Perhaps they make it up on volume.

If you're a Bank of America stockholder then I hope you're getting a really good dividend yield... and this time they're not going to cut it!

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Old 10-30-2010, 03:09 AM   #2
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thought all the banks were now making it the old fashioned way: borrowing from the fed at zero and then buying govt debt earning 1%-3%; this, along with a number of other anomalies, indicates to me that we are a far, far way from a normally functioning financial system/economy.
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Old 10-30-2010, 06:17 AM   #3
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Originally Posted by JBmadera View Post
thought all the banks were now making it the old fashioned way: borrowing from the fed at zero and then buying govt debt earning 1%-3%
That's the way it appears.
Living an analog life in the Digital Age.
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Old 10-30-2010, 06:32 AM   #4
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Originally Posted by JBmadera View Post
thought all the banks were now making it the old fashioned way: borrowing from the fed at zero and then buying govt debt earning 1%-3%; this, along with a number of other anomalies, indicates to me that we are a far, far way from a normally functioning financial system/economy.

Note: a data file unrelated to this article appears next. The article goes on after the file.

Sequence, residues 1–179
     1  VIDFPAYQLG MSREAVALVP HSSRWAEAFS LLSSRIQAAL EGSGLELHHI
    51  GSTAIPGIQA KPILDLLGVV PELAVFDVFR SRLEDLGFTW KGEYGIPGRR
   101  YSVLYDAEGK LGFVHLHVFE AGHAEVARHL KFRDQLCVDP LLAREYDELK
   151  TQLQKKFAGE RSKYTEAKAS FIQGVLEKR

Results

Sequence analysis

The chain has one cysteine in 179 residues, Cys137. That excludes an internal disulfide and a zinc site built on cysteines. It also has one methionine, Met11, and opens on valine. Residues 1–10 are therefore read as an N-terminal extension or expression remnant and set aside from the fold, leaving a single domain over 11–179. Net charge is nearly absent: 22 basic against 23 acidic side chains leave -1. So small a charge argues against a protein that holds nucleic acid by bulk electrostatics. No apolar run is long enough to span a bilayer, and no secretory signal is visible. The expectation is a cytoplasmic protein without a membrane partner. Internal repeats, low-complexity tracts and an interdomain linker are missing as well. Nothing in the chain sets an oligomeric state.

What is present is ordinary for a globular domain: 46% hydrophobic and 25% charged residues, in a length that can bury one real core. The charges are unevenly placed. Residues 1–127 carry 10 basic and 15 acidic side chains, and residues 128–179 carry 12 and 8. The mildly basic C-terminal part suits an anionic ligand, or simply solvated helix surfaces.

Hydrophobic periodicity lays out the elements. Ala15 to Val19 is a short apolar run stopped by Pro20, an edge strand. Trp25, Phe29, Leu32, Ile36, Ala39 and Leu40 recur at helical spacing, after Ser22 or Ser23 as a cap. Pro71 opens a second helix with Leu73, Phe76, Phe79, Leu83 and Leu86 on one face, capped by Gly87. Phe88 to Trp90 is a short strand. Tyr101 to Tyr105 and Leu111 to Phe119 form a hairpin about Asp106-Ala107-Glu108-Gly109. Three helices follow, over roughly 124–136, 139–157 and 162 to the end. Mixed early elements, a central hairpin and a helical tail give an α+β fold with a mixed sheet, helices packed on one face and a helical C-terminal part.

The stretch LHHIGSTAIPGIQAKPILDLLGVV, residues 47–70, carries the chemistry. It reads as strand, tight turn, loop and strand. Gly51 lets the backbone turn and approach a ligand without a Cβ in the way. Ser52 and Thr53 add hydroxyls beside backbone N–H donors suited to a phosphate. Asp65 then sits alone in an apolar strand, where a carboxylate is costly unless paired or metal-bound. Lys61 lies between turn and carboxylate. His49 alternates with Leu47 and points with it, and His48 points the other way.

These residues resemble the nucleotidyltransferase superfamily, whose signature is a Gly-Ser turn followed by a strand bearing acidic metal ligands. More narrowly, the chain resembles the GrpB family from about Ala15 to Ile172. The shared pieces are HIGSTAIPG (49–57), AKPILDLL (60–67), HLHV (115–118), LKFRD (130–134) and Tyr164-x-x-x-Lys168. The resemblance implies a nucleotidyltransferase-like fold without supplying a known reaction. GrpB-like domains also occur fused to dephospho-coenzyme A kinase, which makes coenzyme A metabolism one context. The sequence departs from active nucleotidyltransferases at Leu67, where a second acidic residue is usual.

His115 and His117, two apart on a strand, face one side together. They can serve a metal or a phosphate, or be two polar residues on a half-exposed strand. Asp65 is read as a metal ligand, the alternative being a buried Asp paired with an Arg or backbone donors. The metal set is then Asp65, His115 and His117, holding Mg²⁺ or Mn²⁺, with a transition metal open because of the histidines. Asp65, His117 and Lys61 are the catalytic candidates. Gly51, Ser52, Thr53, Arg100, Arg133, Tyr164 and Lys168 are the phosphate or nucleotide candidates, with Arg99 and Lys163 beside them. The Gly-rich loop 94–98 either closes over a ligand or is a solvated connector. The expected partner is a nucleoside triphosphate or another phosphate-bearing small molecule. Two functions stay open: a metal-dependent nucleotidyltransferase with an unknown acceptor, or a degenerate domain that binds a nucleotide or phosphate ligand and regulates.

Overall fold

Not only that, but the Fed, through "quantitative easing", is purchasing the securities to make sure the banks don't lose what they are gaining on the spread (plus more?) from the duration mismatch.
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Old 10-30-2010, 06:34 AM   #5
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we're with citi and we get the same thing...although we never got the big book.

as far is escrow is concerned, they let us out the insurance part, but not the taxes. funny thing is, they estimated our taxes would be about half of what they are. so, after they paid the tax man, up went the escrow payments. i thought it would be a battle to get out of the account, so i called in june to get the process rolling. a couple clicks on the keyboard and a few minutes on hold and letter arrives 2 weeks later. all we have to do is sign on the dotted line and we're out of the escrow. but, since they can't calculate our tax burden correctly, they are essentially loaning us money for free. i'll let it ride until we are paid up (maybe next year depending on if they can calculate it correctly). i at least learned what the criteria is for getting out of the escrow....
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Old 10-30-2010, 09:23 AM   #6
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Their borrowing costs are for all essential purposes zero making their net interest margin still very high. On top of that they're earning servicer fees on the loan itself. They also surely get a volume discount on the postage obviously

I have an almost totally oposite experience with their auto loans. We took out a loan for my wife's car last fall. Did everything on the website and got approved. They called the dealer and worked out the details. Totally smooth, although we have been unable to stop the barrage of credit card and other offers.